Incredibly hokey, and more than a bit creepy, this one-off starring vehicle for ‘50s tv & nightclub phenom Liberace adds a half hour of piano specialties in remaking THE MAN WHO PLAYED GOD/’32, an antique vehicle for an old George Arliss & a young Bette Davis. Now, it’s Liberace who loses his hearing mid-concert, only to find new meaning in life playing deaf fairy godfather to strangers in the park by eavesdropping on their lives via binoculars & a newly acquired virtuoso skill at lip-reading.* A big flop in its day (note our pure desperation Double-Bill pressbook ad), it’s not so much bad as odd. (Okay, it’s also bad.) Even the piano playing’s odd. Pulling the rhythm like taffy on pop fluff is one thing, but playing classical party pieces with one foot on the brakes and one on the accelerator can leave you woozy. (One of the writers gets in a sly classical music joke when Liberace asks for requests and a grande dame snob calls for the Scherzo movement from Brahms’ Concerto in B-Flat Minor. A neat trick since neither of Brahms’ two piano concerti has a Scherzo movement, and the key is actually B-Flat Major. LOL - Oh, those Hollywood jokesters! Anyway, the request goes missing, substituted by variations on the Beer Barrel Polka.) Joanne Dru & Dorothy Malone are all glammed up with no place to go as rivals for Lee’s affection; you get the feeling he’ll always stay true to his Steinways, Bechsteins & Knabes.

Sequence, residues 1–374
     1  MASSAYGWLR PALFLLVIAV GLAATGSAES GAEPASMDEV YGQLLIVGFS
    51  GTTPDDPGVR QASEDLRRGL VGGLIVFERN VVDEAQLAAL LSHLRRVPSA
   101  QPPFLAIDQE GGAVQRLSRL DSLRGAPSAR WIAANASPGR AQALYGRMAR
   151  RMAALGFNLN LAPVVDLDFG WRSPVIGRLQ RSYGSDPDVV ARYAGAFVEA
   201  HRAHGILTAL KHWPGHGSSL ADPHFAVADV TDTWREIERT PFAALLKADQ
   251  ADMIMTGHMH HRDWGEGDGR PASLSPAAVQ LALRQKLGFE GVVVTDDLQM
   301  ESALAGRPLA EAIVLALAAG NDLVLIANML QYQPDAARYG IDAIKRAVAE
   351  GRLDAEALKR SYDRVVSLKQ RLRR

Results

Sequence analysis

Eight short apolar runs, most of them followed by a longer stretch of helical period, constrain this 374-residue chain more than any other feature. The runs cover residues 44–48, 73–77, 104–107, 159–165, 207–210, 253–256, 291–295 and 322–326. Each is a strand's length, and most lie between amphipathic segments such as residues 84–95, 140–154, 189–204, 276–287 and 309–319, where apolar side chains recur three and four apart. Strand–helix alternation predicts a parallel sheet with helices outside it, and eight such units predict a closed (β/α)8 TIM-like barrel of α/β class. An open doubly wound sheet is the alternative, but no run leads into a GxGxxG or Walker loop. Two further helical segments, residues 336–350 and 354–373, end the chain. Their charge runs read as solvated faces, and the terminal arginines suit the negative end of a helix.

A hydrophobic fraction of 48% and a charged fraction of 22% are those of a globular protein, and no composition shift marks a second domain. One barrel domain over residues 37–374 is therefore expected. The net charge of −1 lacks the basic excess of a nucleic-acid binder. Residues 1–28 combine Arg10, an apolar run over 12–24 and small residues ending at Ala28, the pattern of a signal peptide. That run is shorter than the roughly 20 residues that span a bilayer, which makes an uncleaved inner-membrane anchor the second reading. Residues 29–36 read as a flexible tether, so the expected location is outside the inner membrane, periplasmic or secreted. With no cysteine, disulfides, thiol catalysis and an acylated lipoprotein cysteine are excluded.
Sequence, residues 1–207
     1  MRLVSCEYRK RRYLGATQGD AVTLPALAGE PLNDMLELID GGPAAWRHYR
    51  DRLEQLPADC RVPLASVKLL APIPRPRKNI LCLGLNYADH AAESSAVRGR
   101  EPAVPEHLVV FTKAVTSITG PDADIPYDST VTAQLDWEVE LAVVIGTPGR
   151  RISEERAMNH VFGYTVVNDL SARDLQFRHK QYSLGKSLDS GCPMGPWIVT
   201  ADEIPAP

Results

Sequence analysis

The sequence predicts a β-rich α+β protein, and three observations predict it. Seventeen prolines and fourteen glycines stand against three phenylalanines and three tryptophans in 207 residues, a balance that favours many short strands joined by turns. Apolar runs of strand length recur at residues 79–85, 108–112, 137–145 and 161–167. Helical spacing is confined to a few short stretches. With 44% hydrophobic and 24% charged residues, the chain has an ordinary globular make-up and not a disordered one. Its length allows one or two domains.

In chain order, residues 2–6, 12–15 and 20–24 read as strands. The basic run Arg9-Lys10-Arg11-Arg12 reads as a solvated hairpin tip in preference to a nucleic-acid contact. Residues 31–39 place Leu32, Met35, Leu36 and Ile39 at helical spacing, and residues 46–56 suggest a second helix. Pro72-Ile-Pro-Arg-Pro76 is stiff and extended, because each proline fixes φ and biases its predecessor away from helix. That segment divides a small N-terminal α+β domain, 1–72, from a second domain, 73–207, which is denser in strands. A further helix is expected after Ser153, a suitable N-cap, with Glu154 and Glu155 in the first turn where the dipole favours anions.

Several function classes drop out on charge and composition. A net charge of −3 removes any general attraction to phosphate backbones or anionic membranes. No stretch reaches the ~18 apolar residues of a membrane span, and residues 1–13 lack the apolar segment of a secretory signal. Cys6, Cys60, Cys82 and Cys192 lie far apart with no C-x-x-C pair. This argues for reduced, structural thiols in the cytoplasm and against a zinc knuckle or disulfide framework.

SCREWY THOUGHT OF THE DAY: *Going deaf at 12 didn’t stop Evelyn Glennie from becoming the best known solo percussionist in classical music today. (But can she Boogie-Woogie in triple time?)